In 1998, Amartya Sen received the Nobel Memorial Prize in Economic Sciences for his groundbreaking contributions to welfare economics, economic and social justice, decision theory, social choice theory, public health, the division of important community resources, and extensive research on the causes and prevention of famine.
Sen’s book Poverty and Famines: An Essay on Entitlement and Deprivation, demonstrates his intense interest and approach to his study (1981). His keen observation of how famines drive by other socio-economic factors such as unemployment, poor wages, inflation, and insufficient and unequal food distribution
Venkatraman Ramakrishnan – 2009
Ramakrishnan was the first Indian to win the Nobel Prize in Chemistry for his research on the atomic structure and function of biological entities known as ribosomes.
Ramakrishnan used neural scattering and X-Ray crystallography methods to understand the structure of ribosomes and other molecules like histones while working as a biophysicist at the Brookhaven National Laboratory in New York. He published groundbreaking research on the RNA structure and organization of the small ribosomal subunit of the Thermus thermophilus bacteria. He also discovered the architectures of antibiotics coupled to ribosome small subunits.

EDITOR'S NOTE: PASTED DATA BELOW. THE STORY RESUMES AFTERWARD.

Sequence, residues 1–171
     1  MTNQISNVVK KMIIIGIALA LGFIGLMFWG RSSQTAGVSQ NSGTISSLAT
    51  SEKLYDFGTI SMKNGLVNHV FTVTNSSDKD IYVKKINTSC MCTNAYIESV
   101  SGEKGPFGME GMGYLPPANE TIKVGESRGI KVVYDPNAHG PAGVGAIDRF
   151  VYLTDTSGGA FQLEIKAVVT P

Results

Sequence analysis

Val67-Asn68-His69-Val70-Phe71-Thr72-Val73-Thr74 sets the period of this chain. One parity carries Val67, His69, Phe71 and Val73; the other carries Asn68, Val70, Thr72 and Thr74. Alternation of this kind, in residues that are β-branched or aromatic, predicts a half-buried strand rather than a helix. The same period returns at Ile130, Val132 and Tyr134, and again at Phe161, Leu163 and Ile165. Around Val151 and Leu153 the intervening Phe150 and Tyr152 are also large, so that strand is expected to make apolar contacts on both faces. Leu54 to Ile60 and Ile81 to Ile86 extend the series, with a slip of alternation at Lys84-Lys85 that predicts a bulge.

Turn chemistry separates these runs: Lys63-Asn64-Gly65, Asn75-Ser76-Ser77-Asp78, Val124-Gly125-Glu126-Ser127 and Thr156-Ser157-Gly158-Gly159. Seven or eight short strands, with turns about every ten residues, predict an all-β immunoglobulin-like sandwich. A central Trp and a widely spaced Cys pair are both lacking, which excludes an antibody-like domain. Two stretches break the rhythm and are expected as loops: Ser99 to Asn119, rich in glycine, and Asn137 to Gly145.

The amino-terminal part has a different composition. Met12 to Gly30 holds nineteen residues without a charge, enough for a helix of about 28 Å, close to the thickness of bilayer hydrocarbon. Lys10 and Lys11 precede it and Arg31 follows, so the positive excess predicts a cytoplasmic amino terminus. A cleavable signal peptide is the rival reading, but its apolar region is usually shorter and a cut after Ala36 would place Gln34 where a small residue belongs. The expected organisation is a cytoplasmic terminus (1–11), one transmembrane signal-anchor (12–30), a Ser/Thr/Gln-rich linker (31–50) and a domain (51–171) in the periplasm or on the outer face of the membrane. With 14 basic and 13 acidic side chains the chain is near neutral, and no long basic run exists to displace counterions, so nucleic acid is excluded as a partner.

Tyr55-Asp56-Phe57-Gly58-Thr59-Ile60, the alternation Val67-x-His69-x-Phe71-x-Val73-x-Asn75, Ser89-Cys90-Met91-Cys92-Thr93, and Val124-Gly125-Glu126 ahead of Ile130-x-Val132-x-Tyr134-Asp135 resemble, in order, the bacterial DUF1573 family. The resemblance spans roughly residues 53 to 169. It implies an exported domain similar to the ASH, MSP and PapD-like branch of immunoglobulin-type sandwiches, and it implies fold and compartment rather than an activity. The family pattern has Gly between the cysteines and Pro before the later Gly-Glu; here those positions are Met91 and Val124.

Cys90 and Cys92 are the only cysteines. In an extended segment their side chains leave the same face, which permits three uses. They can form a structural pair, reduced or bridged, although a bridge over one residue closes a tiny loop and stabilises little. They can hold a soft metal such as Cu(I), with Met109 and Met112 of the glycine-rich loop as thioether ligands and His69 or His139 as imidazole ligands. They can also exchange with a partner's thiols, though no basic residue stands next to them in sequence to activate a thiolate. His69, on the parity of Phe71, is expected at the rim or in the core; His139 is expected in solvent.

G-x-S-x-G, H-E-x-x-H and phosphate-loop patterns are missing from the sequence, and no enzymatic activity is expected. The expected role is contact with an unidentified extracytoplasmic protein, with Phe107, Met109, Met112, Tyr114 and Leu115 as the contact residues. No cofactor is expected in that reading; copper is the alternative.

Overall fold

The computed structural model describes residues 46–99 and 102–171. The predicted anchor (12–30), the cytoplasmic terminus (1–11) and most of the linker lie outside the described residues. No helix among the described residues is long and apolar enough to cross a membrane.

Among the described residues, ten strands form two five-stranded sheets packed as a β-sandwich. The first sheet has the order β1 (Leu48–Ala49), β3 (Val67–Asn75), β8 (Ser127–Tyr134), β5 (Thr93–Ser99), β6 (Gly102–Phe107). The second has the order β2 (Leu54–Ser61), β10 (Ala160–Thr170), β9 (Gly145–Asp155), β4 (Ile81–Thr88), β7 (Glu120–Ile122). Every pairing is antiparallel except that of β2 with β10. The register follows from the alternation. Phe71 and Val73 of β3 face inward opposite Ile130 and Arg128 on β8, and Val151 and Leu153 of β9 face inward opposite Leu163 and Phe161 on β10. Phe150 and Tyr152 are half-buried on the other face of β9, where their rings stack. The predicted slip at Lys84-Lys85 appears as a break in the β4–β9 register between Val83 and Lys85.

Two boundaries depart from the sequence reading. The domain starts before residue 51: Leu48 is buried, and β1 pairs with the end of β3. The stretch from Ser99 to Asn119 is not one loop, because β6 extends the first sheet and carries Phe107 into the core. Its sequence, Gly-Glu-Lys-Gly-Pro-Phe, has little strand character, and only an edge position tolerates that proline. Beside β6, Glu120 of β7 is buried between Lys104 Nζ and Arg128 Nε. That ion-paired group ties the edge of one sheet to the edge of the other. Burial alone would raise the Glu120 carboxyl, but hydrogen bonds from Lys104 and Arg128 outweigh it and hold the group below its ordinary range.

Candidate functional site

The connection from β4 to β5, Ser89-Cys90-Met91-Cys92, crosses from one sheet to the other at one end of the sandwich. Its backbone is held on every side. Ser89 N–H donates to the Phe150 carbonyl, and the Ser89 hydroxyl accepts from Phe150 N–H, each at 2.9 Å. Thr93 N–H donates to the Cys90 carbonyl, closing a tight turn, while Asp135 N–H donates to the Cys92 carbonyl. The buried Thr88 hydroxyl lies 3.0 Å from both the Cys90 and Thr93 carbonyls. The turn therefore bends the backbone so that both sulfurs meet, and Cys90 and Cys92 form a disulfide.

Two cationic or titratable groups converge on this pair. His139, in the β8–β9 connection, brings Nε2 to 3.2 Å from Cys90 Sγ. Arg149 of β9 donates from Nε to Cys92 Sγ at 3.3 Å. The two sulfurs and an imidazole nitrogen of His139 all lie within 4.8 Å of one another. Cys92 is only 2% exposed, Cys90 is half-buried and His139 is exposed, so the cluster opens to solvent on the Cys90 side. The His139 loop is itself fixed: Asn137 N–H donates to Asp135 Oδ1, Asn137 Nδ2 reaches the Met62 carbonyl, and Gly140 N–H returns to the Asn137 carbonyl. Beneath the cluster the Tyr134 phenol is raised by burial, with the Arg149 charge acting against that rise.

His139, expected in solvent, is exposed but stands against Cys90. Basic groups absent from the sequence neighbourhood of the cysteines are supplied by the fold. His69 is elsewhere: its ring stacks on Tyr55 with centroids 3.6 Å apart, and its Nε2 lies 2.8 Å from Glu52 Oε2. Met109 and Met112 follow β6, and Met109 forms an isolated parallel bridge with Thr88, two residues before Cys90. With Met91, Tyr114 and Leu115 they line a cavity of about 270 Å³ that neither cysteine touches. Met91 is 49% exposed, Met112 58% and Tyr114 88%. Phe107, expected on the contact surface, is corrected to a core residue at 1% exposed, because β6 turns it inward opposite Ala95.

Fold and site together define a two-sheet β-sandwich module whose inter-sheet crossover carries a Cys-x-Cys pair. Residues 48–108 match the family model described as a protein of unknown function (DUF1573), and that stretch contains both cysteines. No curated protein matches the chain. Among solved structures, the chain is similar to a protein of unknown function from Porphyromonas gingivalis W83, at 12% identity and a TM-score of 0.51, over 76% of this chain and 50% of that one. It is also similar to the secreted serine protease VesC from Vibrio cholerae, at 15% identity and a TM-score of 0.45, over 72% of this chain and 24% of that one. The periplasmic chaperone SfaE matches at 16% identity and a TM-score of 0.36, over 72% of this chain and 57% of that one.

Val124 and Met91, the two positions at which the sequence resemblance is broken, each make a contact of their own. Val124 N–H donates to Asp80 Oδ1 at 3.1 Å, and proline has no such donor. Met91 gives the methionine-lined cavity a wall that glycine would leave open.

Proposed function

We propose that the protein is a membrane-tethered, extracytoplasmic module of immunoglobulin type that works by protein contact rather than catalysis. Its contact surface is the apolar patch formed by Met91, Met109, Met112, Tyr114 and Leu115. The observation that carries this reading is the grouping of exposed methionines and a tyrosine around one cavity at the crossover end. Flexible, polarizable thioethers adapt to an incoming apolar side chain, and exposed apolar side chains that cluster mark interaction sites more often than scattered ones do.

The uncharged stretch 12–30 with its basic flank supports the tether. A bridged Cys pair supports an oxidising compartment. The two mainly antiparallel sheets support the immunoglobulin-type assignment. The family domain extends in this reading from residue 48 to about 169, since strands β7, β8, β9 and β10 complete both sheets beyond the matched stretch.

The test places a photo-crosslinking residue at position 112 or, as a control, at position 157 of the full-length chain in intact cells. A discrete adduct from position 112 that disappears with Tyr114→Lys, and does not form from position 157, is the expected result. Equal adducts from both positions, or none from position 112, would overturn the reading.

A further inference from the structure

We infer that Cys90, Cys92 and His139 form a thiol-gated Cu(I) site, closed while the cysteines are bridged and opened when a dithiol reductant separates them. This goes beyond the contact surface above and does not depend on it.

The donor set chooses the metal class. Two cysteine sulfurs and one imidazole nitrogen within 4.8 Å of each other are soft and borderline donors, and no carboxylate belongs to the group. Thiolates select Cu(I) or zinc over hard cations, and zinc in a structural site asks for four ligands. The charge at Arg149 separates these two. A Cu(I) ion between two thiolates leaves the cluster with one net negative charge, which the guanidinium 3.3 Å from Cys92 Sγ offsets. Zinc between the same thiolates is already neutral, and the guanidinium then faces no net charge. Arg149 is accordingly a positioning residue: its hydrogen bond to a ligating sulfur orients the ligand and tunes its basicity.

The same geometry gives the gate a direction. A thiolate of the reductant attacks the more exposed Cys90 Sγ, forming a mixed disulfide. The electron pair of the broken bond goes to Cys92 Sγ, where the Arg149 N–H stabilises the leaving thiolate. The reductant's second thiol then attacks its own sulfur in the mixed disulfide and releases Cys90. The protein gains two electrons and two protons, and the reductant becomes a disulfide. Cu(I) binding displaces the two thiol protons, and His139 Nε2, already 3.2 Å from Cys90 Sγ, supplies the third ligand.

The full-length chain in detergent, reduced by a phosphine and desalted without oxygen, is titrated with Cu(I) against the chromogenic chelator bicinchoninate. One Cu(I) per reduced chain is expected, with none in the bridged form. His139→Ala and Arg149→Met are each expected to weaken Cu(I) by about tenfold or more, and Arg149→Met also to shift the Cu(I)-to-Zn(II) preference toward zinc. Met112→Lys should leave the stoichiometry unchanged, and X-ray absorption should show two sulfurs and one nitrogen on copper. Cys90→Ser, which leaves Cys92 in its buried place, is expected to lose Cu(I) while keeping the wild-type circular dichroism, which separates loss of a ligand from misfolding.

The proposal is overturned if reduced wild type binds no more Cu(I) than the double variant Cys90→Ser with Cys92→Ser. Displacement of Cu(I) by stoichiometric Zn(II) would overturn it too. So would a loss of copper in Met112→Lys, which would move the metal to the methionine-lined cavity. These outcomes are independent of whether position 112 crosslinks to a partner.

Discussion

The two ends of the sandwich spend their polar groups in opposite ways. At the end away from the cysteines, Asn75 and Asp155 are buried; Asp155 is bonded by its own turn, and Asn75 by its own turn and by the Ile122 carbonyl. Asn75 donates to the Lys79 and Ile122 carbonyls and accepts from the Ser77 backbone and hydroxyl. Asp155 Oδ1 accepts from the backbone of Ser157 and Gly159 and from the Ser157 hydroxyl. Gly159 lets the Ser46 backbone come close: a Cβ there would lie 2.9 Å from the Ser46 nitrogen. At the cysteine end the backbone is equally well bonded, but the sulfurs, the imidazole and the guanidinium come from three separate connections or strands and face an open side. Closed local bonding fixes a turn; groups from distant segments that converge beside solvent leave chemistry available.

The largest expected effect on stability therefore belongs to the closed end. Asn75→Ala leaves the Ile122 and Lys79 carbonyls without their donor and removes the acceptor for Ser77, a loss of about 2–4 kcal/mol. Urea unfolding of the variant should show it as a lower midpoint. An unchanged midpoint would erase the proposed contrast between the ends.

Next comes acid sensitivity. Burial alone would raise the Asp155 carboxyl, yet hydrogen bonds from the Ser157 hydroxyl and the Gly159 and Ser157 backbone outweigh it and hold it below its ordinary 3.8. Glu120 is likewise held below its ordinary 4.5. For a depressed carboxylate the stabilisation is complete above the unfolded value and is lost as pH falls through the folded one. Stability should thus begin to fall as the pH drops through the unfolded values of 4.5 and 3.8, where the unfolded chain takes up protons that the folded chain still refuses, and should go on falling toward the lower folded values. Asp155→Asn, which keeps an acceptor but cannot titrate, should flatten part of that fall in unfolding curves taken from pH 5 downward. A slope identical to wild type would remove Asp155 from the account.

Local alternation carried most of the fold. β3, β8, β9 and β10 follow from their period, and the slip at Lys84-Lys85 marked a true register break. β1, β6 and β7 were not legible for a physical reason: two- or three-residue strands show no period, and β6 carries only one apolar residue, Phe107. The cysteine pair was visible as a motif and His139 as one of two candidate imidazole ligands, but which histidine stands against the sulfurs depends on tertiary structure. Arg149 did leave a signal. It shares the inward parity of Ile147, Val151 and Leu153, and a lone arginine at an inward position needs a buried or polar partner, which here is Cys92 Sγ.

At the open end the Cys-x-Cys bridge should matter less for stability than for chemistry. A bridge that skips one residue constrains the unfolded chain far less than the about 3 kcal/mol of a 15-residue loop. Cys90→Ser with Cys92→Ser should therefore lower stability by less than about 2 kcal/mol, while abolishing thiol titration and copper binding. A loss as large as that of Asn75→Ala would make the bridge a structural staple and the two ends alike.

Kailash Satyarthi – 2014
Satyarthi received the Nobel Peace Prize in 2014 for his contributions to social reform for children and youth, as well as the universal right to education for everyone.
His fight for the eradication of the caste system and child marriages inspired Satyarthi to create his journal, ‘Sangharsh Jaari Rahega’. The journal focused on the lives of society’s marginalized and vulnerable citizens. Satyarthi was well aware of how widespread poverty in a family may lead to debts due to moneylenders. This results in the enslavement of their children in exchange for monetary repayments.
Abhijit Vinayak Banerjee – 2019
In 2019, Abhijit Banerjee, Esther Duflo, and Michael Kremer won the Nobel Memorial Prize for Economic Sciences for their contributions to an experimental method of alleviating global poverty.
According to Banerjee and Duflo, initiatives aimed at the poor are frequently based on erroneous assumptions and a ‘one size fits all’ approach. The existence of global poverty is at harm since it is an assumption that the poor’s existence is meaningless owing to their lack of materialistic possessions.
- The Nobel Prize was awarded 590 times to 935 laureates and organizations between 1901 and 2018.
- The Nobel Prizes are in line with Alfred Nobel’s will, the Swedish dynamite inventor.
- The Economics Prize of 1968 was to mark Sveriges Riksbank’s 300th anniversary.
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Q1. Is Mahatma Gandhi a Nobel laureate?
Answer – Mahatma Gandhi received five Nobel Peace Prize nominations in 1937, 1938, 1939, 1947, and 1948. However, he never received this honor.
Q2. Has anyone ever rejected the Nobel prize?
Answer – In the fall of 1973, when Le Duc Tho and Kissinger were awarded the Nobel Peace Prize, he refused to accept it, claiming that Kissinger had broken their truce.
Q3. Has anyone or an organization ever received more than one Nobel Prize?
Answer – The International Committee of the Red Cross holds the record for receiving the most Nobel Peace Prizes, with three awards for humanitarian service.